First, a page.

Various embodiments of systems and methods for implementing block-based read-ahead mechanisms are disclosed. In one embodiment, a method may involve: receiving a request to perform a block write to a target device and data associated with the block write; posting the data associated with the block write prior to completing the block write to the target device; storing an indication identifying a block address range of the block write; receiving a request to perform a read; and determining whether an address of the read is within the block address range of the block write identified by the indication. In some embodiments, such a method may allow the read to complete ahead of the block write dependent on whether the address of the read is within the block address range of the block write identified by the indication.

In some embodiments, a write-posting interface may include a read-ahead unit configured to receive a request to perform a block write to a target device and a subsequent request to perform a read to the target device, address range storage, and a write-post buffer. The read-ahead unit may be configured to post data for the block write in the write-post buffer prior to completion of the block write to the target device and to store an indication of an address range targeted by the block write in the address range storage. The read-ahead unit may also be configured to determine whether an address targeted by the read is within the address range identified by the indication stored in the address range storage. The read-ahead unit may be configured to allow the read to complete ahead of the block write dependent on whether the address targeted by the read is within the address range identified by the indication.

A system may include an initiating component, a component accessed by the initiating component, and a write-posting interface coupling the initiating component and the component accessed by the initiating component. The write-posting interface is configured to receive a request initiating a block write to the component from the initiating component and to responsively store an indication of an address range targeted by the block write and post data associated with the block write prior to completion of the block write to the component. The write-posting interface may also be configured to receive a request initiating a read to the component from the initiating component and to responsively determine whether an address associated with the read is within the address range identified by the stored indication. The initiating component may be configured to only initiate block writes targeting address ranges beginning on predetermined block address boundaries in some embodiments.

BRIEF DESCRIPTION OF THE DRAWINGS

A better understanding of the present invention can be obtained when the following detailed description is considered in conjunction with the following drawings, in which:

FIG. 1 illustrates a computer system, according to one embodiment.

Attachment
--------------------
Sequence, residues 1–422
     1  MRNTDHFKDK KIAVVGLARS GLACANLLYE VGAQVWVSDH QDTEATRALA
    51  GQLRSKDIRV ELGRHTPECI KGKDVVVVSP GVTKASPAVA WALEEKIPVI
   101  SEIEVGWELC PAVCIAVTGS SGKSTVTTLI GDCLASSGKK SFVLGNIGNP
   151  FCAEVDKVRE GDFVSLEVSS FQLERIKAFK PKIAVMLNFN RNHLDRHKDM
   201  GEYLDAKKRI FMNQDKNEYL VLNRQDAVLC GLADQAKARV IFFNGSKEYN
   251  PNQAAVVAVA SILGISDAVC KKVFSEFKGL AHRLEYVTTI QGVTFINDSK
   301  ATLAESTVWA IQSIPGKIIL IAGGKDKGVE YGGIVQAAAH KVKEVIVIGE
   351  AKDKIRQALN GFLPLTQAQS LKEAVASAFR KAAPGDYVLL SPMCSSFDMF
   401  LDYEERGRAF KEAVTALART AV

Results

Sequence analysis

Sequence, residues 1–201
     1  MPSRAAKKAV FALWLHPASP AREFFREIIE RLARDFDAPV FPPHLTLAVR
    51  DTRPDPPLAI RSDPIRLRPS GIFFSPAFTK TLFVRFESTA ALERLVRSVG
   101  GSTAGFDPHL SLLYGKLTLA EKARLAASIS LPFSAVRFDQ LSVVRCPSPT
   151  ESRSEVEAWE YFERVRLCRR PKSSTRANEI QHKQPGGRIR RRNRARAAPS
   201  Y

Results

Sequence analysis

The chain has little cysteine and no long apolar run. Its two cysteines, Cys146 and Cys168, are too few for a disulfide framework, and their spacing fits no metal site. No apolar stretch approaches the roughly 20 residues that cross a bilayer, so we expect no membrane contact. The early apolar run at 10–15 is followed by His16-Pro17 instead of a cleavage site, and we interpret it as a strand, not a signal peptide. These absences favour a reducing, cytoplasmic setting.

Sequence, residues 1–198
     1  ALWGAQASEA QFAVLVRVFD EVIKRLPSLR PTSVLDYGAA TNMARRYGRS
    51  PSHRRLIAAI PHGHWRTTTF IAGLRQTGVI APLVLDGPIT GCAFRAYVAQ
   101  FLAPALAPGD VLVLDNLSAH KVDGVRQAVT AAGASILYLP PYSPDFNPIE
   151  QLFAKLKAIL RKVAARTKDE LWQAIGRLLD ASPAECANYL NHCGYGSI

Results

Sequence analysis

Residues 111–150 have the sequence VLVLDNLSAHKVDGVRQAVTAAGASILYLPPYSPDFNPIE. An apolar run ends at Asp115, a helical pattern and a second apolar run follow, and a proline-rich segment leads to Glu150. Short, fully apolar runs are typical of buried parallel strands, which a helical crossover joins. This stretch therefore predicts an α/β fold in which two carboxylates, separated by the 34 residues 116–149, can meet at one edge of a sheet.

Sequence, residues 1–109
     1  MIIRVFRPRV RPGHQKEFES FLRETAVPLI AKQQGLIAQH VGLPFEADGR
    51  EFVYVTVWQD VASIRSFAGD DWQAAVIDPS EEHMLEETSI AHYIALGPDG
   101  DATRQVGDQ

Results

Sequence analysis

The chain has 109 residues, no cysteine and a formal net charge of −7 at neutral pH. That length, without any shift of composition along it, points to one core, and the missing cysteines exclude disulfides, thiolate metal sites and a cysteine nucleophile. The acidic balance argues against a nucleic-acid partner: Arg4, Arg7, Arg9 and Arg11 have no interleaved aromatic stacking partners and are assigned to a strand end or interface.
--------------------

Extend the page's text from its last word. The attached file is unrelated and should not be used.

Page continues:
FIG. 2 illustrates an exemplary set of block writes that may be handled by a write-posting interface, according to one embodiment.

FIGS. 3A-3B show exemplary address range indications that may be used in some embodiments.

FIG. 4 is a block diagram of a data processing system that includes a write-posting interface according to one embodiment.

FIG. 5 shows a flowchart of a method of handling reads in the presence of posted block writes, according to one embodiment.

While the invention is described herein by way of example for several embodiments and illustrative drawings, those skilled in the art will recognize that the invention is not limited to the embodiments or drawings described. It should be understood, that the drawings and detailed description thereto are not intended to limit the invention to the particular form disclosed, but on the contrary, the intention is to cover all modifications, equivalents and alternatives falling within the spirit and scope of the present invention as defined by the appended claims. The headings used herein are for organizational purposes only and are not meant to be used to limit the scope of the description or the claims. As used throughout this application, the word “may” is used in a permissive sense (i.e., meaning having the potential to), rather than the mandatory sense (i.e., meaning must). Similarly, the words “include”, “including”, and “includes” mean including, but not limited to.

DETAILED DESCRIPTION OF EMBODIMENTS

FIG. 1 illustrates one embodiment of a computer system configured to perform read-ahead write-posting for block data transfers. In this embodiment, a write-posting interface 100 couples two components 20 and 40. One component (e.g., component 20) may be configured to transfer data more quickly than the other component (e.g., component 40), and thus write-posting interface 100 may provide speed-matching between components 20 and 40 by allowing each component to transfer data from write-posting interface 100 at its own rate.